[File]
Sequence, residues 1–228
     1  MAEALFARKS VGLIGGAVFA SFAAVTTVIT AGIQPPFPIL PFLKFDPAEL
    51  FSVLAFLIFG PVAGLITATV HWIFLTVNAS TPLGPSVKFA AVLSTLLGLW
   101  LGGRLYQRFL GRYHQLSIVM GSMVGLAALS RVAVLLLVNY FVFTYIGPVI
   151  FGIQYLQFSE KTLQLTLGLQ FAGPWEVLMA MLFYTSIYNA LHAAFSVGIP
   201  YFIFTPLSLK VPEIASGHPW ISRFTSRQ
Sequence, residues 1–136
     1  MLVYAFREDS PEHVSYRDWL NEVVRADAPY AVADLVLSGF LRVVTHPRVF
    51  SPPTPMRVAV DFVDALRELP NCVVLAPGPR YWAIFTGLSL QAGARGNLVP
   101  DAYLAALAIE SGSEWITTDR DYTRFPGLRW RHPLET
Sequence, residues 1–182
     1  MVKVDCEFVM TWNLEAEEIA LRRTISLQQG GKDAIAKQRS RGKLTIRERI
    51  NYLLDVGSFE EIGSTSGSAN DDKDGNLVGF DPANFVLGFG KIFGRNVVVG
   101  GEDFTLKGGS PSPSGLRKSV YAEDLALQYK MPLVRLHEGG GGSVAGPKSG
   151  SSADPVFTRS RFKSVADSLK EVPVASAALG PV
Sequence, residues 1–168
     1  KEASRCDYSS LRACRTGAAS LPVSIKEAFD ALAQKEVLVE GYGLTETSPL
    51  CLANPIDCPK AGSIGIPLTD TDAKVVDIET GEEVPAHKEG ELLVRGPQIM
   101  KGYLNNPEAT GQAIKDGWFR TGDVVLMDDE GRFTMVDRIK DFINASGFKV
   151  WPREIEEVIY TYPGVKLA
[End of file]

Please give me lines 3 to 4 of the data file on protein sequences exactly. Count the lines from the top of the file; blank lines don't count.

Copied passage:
    51  FSVLAFLIFG PVAGLITATV HWIFLTVNAS TPLGPSVKFA AVLSTLLGLW
   101  LGGRLYQRFL GRYHQLSIVM GSMVGLAALS RVAVLLLVNY FVFTYIGPVI